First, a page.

Sir Geoffrey Mulcahy, Kingfisher's workaholic chairman, is determined to prove them wrong. When I met him last week, he was as enthusiastic as ever about his new business, undeterred either by the collapse of the ERM or the damage the two clearing banks had received at the hands of their French subsidiaries. This time, it's going to be different, he insists. For a start, Darty is the undisputed market leader in France; too many British companies make the mistake of buying second best or worse, and as a consequence get squeezed. He has also been courting the company on and off for as long as six years, and therefore understands every aspect of its business; there could hardly have been a more thorough due diligence. The final part of his case is that the returns sought on the deal have been calculated on the assumption that Darty remains a stand-alone business; all the synergy benefits Sir Geoffrey hopes to extract from the alliance will be icing on the cake.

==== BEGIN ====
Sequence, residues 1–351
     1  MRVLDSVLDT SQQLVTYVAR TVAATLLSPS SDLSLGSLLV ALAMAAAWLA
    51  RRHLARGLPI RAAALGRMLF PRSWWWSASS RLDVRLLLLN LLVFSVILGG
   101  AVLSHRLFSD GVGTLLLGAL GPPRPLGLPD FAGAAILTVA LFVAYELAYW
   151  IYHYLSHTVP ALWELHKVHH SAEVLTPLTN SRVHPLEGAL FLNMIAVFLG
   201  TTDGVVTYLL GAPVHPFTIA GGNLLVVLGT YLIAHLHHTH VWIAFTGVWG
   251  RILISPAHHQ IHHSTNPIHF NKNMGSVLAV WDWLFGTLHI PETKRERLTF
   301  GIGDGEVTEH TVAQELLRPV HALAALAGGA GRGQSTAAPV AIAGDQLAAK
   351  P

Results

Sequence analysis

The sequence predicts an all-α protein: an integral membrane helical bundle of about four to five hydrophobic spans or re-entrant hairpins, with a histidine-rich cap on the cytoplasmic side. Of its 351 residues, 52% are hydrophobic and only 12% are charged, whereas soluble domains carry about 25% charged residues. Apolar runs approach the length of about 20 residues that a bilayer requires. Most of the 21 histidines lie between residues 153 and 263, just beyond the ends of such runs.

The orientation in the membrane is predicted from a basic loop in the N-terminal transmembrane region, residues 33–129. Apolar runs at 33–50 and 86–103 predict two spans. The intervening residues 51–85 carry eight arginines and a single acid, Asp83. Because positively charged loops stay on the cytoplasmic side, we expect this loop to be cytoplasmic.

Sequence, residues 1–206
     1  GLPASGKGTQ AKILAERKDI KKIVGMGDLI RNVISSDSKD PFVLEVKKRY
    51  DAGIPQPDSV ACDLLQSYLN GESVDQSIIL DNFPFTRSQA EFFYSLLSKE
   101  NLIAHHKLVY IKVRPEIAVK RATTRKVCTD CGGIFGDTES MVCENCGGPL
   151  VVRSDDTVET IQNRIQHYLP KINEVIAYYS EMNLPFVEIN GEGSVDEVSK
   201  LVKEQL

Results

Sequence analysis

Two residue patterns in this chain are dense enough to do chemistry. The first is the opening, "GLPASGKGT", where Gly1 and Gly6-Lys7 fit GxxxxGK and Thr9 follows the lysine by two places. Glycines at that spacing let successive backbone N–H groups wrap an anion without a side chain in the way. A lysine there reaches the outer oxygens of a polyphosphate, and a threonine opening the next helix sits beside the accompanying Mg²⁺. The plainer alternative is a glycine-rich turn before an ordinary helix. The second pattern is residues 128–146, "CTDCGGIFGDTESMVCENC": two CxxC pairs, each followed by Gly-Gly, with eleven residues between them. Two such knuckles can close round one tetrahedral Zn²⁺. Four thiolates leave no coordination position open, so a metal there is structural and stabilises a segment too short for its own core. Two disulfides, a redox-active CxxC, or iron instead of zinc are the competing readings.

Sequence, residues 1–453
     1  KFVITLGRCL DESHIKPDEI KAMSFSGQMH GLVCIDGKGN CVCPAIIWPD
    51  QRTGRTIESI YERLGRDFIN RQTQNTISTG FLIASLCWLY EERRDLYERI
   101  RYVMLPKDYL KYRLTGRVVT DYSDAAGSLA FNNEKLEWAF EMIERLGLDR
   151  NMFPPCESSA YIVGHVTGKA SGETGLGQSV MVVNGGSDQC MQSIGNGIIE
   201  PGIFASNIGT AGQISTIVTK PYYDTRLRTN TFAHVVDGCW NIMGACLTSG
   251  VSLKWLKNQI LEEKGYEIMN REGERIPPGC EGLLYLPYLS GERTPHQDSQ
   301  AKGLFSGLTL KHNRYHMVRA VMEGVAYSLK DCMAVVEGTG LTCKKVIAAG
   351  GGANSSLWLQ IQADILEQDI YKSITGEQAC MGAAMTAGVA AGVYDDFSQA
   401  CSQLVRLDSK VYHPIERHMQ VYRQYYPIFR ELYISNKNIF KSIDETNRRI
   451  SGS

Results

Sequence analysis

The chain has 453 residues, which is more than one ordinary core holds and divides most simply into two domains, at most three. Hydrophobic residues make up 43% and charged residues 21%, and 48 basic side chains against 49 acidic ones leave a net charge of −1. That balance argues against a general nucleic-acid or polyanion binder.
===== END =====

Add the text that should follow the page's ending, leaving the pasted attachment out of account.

None of this will convince hardened sceptics. But they're going to have to get used to the idea; Sir Geoffrey is clear that before long, Kingfisher will be pursuing other overseas deals with Darty as the model - market-leading businesses in countries with above-average growth prospects. He's betting his future on the strategy working. Let's hope it does.Reuse content